- To create the effect of the sandstorm in the narrated desert sequence, Cecil B. DeMille use the engine blast from tied-down Egyptian air force planes.
- Director Cecil B. DeMille suffered a heart attack during the production after climbing 130 feet to check a faulty camera perched on one of the giant gates used in the exodus sequence. He took a couple of days off and then, against his doctor's orders, returned to work to complete the film.
- DeMille gave his old actor friend, H.B. Warner, his last speaking role as the old man wanting to die in the desert in the Exodus sequence. H.B. Warner came to fame after Demille cast him the lead as Jesus in his silent film, King of Kings (1927).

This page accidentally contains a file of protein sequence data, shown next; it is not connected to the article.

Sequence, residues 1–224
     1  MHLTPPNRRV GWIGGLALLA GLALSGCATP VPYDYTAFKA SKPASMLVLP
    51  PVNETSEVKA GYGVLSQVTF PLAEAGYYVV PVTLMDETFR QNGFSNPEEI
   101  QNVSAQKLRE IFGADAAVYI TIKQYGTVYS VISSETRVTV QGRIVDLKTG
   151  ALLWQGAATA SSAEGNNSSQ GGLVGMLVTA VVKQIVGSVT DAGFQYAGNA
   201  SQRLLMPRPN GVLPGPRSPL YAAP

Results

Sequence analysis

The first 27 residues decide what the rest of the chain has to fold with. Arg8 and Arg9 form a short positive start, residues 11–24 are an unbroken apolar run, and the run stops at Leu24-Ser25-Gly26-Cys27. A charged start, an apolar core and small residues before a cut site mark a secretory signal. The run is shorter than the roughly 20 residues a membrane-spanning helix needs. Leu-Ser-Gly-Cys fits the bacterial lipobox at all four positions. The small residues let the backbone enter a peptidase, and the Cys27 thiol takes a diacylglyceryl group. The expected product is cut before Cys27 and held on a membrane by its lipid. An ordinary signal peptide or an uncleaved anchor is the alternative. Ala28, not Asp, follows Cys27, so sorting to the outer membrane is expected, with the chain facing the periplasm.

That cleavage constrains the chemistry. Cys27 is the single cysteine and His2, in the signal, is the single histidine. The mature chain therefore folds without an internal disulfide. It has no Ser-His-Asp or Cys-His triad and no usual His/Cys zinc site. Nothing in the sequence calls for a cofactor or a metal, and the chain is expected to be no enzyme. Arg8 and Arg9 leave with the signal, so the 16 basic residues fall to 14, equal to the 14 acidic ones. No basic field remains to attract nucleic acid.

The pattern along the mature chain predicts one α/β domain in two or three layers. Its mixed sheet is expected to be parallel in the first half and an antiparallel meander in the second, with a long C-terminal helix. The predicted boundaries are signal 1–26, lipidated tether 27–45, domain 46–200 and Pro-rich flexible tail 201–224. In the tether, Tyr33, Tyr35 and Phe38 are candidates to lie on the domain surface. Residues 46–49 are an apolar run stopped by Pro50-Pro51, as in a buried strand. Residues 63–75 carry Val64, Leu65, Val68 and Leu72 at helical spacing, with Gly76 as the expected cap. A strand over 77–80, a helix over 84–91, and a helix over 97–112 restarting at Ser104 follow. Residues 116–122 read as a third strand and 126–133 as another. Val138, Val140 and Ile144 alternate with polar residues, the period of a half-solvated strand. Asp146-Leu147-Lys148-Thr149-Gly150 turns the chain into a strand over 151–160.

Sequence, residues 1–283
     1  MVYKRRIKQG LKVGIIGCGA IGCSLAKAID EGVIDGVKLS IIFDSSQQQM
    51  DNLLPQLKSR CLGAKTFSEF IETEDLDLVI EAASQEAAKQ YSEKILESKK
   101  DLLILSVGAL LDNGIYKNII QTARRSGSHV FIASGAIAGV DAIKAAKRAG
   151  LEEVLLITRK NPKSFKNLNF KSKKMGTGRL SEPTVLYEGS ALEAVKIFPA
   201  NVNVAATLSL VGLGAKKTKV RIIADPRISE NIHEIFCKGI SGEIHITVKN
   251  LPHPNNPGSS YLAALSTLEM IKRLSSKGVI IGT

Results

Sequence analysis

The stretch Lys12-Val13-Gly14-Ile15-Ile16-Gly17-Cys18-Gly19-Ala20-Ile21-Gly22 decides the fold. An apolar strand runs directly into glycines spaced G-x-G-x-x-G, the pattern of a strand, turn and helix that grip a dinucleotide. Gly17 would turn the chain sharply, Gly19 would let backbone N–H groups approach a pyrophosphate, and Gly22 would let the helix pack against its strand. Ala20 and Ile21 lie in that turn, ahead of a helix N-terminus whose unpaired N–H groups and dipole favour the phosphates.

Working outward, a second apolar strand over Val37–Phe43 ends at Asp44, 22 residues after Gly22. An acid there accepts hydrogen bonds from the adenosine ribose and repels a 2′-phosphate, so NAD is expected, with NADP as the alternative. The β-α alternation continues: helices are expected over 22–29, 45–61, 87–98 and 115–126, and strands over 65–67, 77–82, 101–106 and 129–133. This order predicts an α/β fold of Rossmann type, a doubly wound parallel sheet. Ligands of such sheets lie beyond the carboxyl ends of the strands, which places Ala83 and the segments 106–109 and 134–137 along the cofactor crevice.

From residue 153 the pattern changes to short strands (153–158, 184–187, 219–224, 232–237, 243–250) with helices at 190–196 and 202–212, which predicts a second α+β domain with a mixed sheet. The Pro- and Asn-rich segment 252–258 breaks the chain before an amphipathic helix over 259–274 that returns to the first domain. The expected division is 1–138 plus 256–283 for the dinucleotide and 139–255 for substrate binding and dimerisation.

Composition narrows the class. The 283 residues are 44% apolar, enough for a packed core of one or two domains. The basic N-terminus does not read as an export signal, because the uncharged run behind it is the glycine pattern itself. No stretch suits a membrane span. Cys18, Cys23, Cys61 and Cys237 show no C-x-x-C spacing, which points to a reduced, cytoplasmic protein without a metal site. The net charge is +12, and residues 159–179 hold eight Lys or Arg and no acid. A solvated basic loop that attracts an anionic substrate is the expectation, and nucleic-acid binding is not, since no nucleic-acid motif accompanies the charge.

- This was legendary film composer Elmer Bernstein's first major project. Bernstein had just had some success with his jazz score for Man with the Golden Arm, The (1955). However, he was not DeMille's first choice to score the film. DeMille had a long relationship with Paramount contract composer, Victor Young, who had been working with DeMille since the 1940 film, Northwest Mounted Police. Unfortunately, Victor Young had become very ill and could not accept the project.
- One day in Griffith Park in Los Angeles, a casting director for The Ten Commandments approached Jack Peters and his son to ask if Jon wanted to appear in the film. Multitudes of people with dark hair and complexions were needed to cross the Red Sea. Jon was chosen to ride a donkey and lead a goat by rope. Jon was so excited that he refused to wash off his makeup when he went home at night.
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